Fairchild's 36th Rescue Flight rescues mountain biker in Idaho

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You can see a pic at the link.

http://www.af.mil/news/story.asp?id=123268907

8/19/2011 - FAIRCHILD AIR FORCE BASE, Wash. (AFNS) -- Airmen from Fairchild Air Force Base, Wash., rescued a 52-year-old female mountain biker Aug. 17 near Thompson Pass, Idaho, after she flipped over her handlebars and injured her ribs and back.




The victim, Paulette Kirby, was on a single-track mountain bike trail participating in the six-day Idaho Expedition Race when she hit a rock and lost control. She was on the side of a mountain with high terrain on all sides, unreachable by car or all-terrain vehicle.

Four Airmen from the 36th Rescue Flight responded to the call from the Shoshone County, Idaho, sheriff's office in a UH-1N Iroquois helicopter.

Once they arrived in the area, the sheriff's department staff had to use signal mirrors to maneuver the crew to the exact location of the scene due to the dense tree growth. During their approach, winds became an issue, so it wasn't until their third approach that they were successfully hovering over the victim.

Tech. Sgt. Steven Perez, the flight engineer, then lowered independent duty medical technician Tech. Sgt. Joseph Brownell 240 feet down to the victim.

"Because of the extent of her injuries, she was unable to lie flat in the Stokes litter, so I had the crew lower a Kendrick Extrication Device," Brownell said. "A KED is a semi-rigid brace that secures the head, neck and torso in an anatomically neutral position. It helped to reduce the possibility of additional injuries to her during extrication. I then put a C-collar and the KED on her and loaded her onto the Stokes. "

Brownell then called "ready for pickup" and notified the rest of the crew that they moved the survivor 20 meters away to a spot that was slightly more open for safer and easier extrication.

Capt. Jennifer Golembiewski, the aircraft commander, then flew an approach to the top of the mountain and back down searching for the new spot. She had no references at the new spot, so she passed the controls to her co-pilot, Capt. John Alsbrooks, who guided the helicopter to the new spot.

Once again overhead, Perez lowered the hook down to Brownell, who in turn hooked up Kirby. She was hoisted to the aircraft where several variables forced Perez, who is afraid of heights, to climb out onto the skids to retrieve her and secure her in the aircraft. Brownell was then hoisted and they flew Kirby to Sacred Heart Medical Center in Spokane, Wash., for treatment.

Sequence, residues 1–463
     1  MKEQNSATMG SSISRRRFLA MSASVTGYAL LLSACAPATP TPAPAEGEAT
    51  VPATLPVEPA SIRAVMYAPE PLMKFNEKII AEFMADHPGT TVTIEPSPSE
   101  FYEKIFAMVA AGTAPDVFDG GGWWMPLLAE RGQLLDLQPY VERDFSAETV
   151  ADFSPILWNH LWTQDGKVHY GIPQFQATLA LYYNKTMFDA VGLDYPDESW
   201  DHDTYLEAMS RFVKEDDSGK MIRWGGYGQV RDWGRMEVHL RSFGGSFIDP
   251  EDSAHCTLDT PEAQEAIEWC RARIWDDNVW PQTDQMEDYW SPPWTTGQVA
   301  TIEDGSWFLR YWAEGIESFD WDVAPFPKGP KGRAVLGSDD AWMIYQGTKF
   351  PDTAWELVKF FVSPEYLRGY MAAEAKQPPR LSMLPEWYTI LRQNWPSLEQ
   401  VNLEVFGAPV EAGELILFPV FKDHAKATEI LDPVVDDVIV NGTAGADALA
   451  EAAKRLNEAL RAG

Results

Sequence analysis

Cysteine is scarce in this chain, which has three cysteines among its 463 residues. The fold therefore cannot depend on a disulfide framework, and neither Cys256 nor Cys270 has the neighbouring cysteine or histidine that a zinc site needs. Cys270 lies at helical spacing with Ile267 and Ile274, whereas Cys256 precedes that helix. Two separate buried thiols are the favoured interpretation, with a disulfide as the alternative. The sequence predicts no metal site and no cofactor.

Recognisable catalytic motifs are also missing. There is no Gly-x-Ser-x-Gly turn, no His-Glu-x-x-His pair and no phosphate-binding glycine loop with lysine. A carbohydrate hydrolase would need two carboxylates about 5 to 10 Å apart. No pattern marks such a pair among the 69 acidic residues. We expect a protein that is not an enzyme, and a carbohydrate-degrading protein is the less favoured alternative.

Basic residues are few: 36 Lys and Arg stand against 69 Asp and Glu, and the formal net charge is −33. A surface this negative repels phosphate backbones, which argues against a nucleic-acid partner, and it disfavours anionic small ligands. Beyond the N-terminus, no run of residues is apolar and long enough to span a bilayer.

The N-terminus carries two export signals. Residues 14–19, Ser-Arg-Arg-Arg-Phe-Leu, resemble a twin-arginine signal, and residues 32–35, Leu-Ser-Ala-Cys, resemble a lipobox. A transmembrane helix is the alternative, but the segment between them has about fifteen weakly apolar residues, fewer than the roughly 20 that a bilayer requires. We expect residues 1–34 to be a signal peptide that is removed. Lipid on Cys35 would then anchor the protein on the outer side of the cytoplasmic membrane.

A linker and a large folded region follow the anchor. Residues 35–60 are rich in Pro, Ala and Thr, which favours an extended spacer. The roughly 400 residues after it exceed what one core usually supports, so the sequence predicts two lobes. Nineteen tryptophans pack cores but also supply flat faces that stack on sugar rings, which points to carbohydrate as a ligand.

On his "20th or so rescue," Perez said he feels good about their efforts.

"This was the first time I have had to go out onto the skids of the aircraft -- and hopefully the last," Perez said. "Although challenging, this rescue, like the others, always brings me a good feeling. I'm glad we were able to help her get out of there and to the hospital where she could be treated for her injuries."

On her second rescue mission, Golembiewski said she's proud of her crew and more than happy to help out those in need.

"It's very rewarding to know that I had a small part in saving her life," Golembiewski said. "We hope that we're never needed, but are always ready to help when asked. I feel a tremendous amount of responsibility toward guarding and saving the lives of the people of our community."

Now recovering at the hospital with her injuries (two fractured ribs, two spinal fractures and a fractured sternum), Kirby is thankful to the Fairchild Airmen.

"I'm so glad they were there to help me through this experience," she said. "They are very good at what they do. It was amazing they were able to get me through that small opening at the top of the trees and up into the helicopter. It's the simple things in life that touch me; the medic who was helping me blocked the sun from my eyes with his hand the whole way to the hospital. That meant a lot to me -- this I will never forget."

On Aug. 9, the 36th Rescue Flight was involved in another rescue of an Airman who was in training at Colville National Forest, Wash. This most recent rescue was their 663rd.


 

Nasty

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IDMT's are special operations now?:confused:
I was assigned to the 1st SOW as an IDMT from '88-'93, as an enabler, not an Operator. A butt-load of IDMTs currently assigned to AFSOC.
BTW, good work folks!
 
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